New School Year, New Me, New Habits


Nitya Borra, Contributing Writer

It’s time to say goodbye to staying up past 3 AM and spending the whole day in your bed watching Netflix. With the start of school, many of us hope to create new habits to reach academic, social, or personal goals to better ourselves this year. But how can we eliminate old, unhealthy habits while creating new, valuable ones? 

The first step is to recognize the choices you make each day and how some may negatively impact you. Dr. Stephanie Collier, instructor of psychiatry at Harvard Medical School, states that we are motivated by negative habits because they encourage the brain to release dopamine, pushing us to stay positive. We get the satisfaction of being temporarily rewarded by dopamine, influencing us to revert to that bad habit. It’s crucial to understand why we trap ourselves in the cycle of bad habits, so we can start implementing exemplary practices in our lives. 

During the summer, my screen time drastically increased, quickly consuming all of my free time. With the start of school, I acknowledged this harmful habit and brainstormed solutions to replace it with a healthier routine. For example, I decided to add a screen limit for commonly used apps on my phone, such as TikTok. This restriction helped me limit my screen time and use my time after school more productively. 

The trick to creating new, healthy habits is to follow The Habit Loop, discussed in The Power of Habit by Charles Duhigg, in identifying a cue, a routine, and a reward for your habit. 

A cue is likely either a location, a time of day, a person, an emotion, or a preceding action. The signal for my habit of constantly using my phone was an emotional state. At any time of the day when I was feeling bored, I would open my phone and scroll on TikTok. Unfortunately, that one minute of boredom often leads to hours of mindless scrolling. You must establish a new approach to your cue and change your habits. Instead of engaging in that harmful habit, discover another action you can participate in to satisfy that cue.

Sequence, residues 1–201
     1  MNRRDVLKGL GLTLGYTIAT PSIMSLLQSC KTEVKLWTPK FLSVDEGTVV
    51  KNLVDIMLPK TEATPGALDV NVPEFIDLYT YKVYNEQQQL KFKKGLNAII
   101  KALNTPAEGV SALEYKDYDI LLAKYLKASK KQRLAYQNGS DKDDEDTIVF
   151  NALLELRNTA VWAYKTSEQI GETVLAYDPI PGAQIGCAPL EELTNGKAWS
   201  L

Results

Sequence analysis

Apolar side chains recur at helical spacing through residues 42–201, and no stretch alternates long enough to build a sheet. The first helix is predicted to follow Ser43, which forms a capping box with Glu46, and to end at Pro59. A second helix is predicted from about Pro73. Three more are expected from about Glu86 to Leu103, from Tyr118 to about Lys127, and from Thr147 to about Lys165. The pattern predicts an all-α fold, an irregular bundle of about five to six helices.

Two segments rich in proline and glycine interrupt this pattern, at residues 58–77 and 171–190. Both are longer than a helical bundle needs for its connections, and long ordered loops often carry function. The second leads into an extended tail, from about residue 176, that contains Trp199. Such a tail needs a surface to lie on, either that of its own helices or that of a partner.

A routine is made up of several habits that you are accustomed to. I was accustomed to scrolling through TikTok on my phone every day because I always had easy access to my phone regardless of where I was.

A reward is an immediate source of comfort or joy through engaging in that habit. The prize of scrolling on TikTok for me was temporarily curing my feeling of boredom. 

How can you apply The Habit Loop to your success in school? School has many different habits that can help, including organization, balance, study methods, socialization, etc. 

Time management is essential to get tasks done promptly. These tasks might include homework, chores, extracurricular activities, work, sports, etc. Budgeting time is a healthy habit that can be enforced into your daily routine by using The Habit Loop. 

A critical study habit is creating flashcards to memorize vocabulary words and phrases. I kept flashcards by my bed to remind myself to look through them. The cue is the accessible location of the flashcards and my desire to learn these words. The routine was studying the flashcards almost every night, leading up to an exam. The reward was remembering all the vocabulary words and doing well on that test. 

Creating healthy habits this school year can help you reach your goals and improve yourself by increasing your self-confidence as you keep up with these habits. These good habits will grow stronger over time and become automatic responses, allowing you to better yourself every day without giving them a second thought.